South Carolina State University women’s basketball coach Audra Smith has been fired from her position one day after she filed a lawsuit alleging Title IX violations.
WCBD-TV reported that Smith had filed a class-action and individual lawsuit Wednesday alleging the university engaged in Title IX discrimination, retaliation and equal pay act violations. The suit seeks an undisclosed amount of money damages.
The lawsuit states that the university has discriminated against women in areas of education, athletics, and employment because of their sex. The complaint also states that the university has engaged in systematic unfair treatment of and continually provided fewer resources to female athletes, women’s teams, and coaches.
For example, in the 2019-2020 school year, men’s team coaches made an average salary of $124,888.00 while women’s team coaches made an average of $53,131, WCBD-TV reported. That same year, only 36 percent of athletic financial aid was awarded to female athletes.
Smith also said that she was issued a three-game suspension earlier this month for a “relatively minor issue” and believes the suspension was issued because of her inquiries into the school’s practices.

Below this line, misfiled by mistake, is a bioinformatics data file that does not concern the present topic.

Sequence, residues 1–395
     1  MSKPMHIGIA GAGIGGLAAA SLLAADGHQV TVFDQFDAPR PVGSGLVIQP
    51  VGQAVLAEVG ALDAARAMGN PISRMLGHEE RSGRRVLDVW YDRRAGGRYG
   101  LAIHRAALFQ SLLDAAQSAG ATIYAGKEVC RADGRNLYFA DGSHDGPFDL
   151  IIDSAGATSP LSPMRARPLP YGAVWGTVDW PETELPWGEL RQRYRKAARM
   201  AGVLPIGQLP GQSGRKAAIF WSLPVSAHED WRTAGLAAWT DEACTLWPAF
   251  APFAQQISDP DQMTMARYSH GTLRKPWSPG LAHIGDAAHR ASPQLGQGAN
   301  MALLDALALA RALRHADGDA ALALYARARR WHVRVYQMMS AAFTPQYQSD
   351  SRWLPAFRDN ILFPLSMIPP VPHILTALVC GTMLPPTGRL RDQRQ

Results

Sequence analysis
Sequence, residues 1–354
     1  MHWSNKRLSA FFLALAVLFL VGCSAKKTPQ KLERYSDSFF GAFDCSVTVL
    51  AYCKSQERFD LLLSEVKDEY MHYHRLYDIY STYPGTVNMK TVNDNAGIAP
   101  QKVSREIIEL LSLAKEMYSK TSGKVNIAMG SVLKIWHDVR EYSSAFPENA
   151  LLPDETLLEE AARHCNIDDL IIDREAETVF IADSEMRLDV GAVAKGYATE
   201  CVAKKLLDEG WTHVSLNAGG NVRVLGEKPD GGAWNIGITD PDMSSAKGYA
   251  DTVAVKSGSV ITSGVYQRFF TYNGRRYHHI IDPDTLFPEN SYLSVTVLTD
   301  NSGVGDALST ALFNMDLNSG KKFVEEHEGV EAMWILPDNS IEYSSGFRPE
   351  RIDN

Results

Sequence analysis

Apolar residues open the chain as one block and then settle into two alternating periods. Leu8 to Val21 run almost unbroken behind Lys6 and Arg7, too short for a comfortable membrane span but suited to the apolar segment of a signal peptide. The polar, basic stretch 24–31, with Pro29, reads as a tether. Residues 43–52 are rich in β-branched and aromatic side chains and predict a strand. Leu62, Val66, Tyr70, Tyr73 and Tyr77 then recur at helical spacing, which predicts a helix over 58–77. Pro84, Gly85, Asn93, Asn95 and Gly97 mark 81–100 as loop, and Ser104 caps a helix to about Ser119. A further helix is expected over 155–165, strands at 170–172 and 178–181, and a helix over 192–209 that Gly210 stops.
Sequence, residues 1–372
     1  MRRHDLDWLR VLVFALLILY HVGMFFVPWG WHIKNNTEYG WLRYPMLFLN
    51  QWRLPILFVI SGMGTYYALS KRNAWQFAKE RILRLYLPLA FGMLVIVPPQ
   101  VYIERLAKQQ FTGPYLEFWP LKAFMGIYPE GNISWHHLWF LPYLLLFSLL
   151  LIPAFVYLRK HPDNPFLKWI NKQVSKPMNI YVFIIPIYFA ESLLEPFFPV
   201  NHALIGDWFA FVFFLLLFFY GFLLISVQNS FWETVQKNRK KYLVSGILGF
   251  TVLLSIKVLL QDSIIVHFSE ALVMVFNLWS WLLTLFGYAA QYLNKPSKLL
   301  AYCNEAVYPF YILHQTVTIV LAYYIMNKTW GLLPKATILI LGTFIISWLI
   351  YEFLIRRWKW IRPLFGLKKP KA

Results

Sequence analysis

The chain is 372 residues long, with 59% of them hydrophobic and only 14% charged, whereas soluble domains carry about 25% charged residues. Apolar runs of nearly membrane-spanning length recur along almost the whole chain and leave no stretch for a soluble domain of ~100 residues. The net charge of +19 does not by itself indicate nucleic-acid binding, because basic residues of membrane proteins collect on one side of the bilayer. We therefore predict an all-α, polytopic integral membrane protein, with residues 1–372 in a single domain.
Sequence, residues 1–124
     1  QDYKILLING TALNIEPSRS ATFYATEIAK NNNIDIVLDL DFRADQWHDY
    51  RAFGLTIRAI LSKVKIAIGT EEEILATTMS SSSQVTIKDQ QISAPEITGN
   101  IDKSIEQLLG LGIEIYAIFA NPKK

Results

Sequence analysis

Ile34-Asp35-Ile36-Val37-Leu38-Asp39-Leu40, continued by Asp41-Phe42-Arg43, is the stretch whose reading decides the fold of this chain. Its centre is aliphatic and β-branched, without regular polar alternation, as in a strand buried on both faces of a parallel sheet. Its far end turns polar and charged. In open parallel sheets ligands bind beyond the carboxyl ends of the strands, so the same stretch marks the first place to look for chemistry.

On Thursday, the day after Smith’s suit was filed, SC State released a statement announcing Smith’s departure: “We would like to thank Coach Smith for her dedication to our student-athletes and for the hard work she has committed to the women’s basketball program,” athletic director Stacy Danley said in the statement.
University spokesman Sam Watson said in an email to The Associated Press that the school “cannot comment on pending or current litigation.”
One of Smith’s attorneys, Paul Porter, called the dismissal “unlawful” and “retaliatory” and said it “invites more legal action.”
Smith has been a head coach for 18 seasons, spending nine years at UAB and five seasons at Clemson before taking over the Bulldogs’ program, the AP reported.
Smith had one year left on her contract and the Bulldogs have three games remaining in the regular season before she was terminated Thursday. She was in her fourth season with the Bulldogs and had an overall record of 24-73.
“The short amount of time between her filing the Title IX lawsuit and her termination is very close and very compelling,” Porter added.